Reconsidering Connections

Polytechnic Institute of Lisbon

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Lidya Chrisfens, Lecturer, School of Fashion, Lasalle College of the Arts, Singapore

Proving Grounds: Machine Scenography and Staging the Future View Digital Media

Paper Presentation in a Themed Session
Constance Vale  

Employed chiefly in the military and automotive industry, "proving grounds" are exclusionary testing spaces designed by and for government agencies and corporations. This paper presents a brief history of proving grounds and examines one such testing space designed by an architect—the author—a 1:8 scale model city for testing autonomous vehicles (AVs) that breaks from this problematic legacy. The project proposes opportunities for collective agency in creating sociotechnical narratives in inclusive testing environments that become sites of public imagination. Moreover, the project examines how emerging technologies like AVs and AI be integrated into cities in ways that improve public health and safety, encourage equitable transit, and support climate resilience. Key questions include: (1) What interfaces might designers use to facilitate interactions between humans and autonomous agents in ways that increase public safety? Research explores modulating urban accessways and apertures shared between humans and machines. (2) What opportunities does autonomous mobility offer designers to innovate in the built environment in ways that improve public health? The study examines how networked traffic might reduce roadways, increase green space, and promote healthier cities. (3) How can cities implement AVs in sustainable ways that support climate resilience? This project examines connecting AV ridesharing with transit hubs to encourage multi-modal travel, reducing energy consumption, congestion, emissions, and sprawl.(4) How can cities incorporate AVs in ways that encourage equitable access to public transit? This project assesses how AVs can connect public transit to those living outside existing transit routes, especially people with disabilities and lower-income citizens.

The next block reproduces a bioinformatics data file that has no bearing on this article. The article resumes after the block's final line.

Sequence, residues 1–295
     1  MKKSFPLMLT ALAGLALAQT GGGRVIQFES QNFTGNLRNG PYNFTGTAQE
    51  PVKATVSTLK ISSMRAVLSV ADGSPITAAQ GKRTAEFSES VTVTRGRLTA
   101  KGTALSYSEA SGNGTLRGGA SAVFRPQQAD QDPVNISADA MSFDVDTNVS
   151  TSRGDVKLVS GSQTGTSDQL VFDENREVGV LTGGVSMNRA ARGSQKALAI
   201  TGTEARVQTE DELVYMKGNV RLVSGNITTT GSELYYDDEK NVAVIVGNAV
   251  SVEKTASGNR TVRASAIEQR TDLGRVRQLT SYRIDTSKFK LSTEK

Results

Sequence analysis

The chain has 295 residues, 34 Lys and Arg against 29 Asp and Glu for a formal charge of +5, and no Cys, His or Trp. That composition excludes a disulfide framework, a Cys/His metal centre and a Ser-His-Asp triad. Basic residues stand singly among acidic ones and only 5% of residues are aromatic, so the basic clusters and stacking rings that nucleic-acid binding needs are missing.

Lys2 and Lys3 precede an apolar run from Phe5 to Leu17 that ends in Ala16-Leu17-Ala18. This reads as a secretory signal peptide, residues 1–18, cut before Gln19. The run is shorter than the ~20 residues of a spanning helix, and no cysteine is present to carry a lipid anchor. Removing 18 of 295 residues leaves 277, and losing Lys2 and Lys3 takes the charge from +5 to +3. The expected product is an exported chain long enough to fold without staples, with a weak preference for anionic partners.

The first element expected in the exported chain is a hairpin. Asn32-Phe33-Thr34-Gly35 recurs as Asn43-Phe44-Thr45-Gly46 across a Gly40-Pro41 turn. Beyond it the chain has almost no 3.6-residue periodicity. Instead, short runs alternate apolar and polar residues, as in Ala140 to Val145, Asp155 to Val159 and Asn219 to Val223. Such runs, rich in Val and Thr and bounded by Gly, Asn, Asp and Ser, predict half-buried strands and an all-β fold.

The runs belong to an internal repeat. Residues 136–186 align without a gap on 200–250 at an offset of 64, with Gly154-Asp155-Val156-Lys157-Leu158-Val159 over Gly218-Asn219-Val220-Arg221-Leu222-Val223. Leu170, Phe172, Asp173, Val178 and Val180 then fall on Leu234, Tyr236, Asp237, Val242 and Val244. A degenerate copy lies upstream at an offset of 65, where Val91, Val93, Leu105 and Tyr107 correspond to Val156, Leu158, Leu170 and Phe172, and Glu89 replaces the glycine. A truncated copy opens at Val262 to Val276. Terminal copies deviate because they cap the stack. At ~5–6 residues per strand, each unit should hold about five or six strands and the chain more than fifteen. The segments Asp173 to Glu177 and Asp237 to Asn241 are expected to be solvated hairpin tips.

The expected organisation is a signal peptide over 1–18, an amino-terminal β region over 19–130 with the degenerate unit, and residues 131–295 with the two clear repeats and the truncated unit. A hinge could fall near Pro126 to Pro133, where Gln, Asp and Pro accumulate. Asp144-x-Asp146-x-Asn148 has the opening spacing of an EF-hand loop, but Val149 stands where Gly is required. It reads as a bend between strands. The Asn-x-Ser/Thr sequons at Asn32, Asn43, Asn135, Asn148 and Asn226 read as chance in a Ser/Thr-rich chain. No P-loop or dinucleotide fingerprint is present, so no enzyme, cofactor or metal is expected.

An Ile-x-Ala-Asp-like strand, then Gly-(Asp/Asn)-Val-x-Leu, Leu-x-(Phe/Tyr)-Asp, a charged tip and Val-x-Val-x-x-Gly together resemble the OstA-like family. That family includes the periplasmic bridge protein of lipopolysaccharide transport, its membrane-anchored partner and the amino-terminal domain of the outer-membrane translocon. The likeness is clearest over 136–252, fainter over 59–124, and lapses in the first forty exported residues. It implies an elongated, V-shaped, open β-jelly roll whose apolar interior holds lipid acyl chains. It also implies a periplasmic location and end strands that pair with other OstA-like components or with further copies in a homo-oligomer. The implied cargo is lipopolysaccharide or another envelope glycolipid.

Hangar 11 – Adaptive Re-use Project: Betting $90M on Sustainable Living and the Creation of Community Vibrancy View Digital Media

Paper Presentation in a Themed Session
Tim Antoniuk  

In 2018 the author of this paper began an arduous process to save one of Canada’s most important historic buildings. Voted by the National Trust of Canada in 2017 as, “One of the Top 10 Most Endangered Places in Canada”, this building and the deeply important land that it sat on was slated to be torn down because the City that it rested in had neglected its upkeep. Like so many cities throughout the world, this building and the place and space that it occupied needed a new vision. It needed leadership, stakeholders, visionaries, architects and designers that would fight to tell people about its history. It needed a new presence and physicality that would allow the building to tell stories about ‘its’ past and its hidden contribution to winning WWII. In truth, the preservation of his building needed something substantive that would allow it to become a springboard for creating human connectivity in this area and for (re)creating community. 4-years later, this paper and presentation will relay the story of how this humble 1922 purpose-built WWII airplane hangar was saved and how it is evolving into a significant 200,000 sf. adaptive re-use, mixed use building with 272 residential units and 25,000 sf of CRU space. It will convey the design and financial/political strategies that were used of who, and how a variety of statistics from major reports such as those from the UNEP Creative Economy Reports helped to get this $90-million dollar project off the ground.

Digital Media

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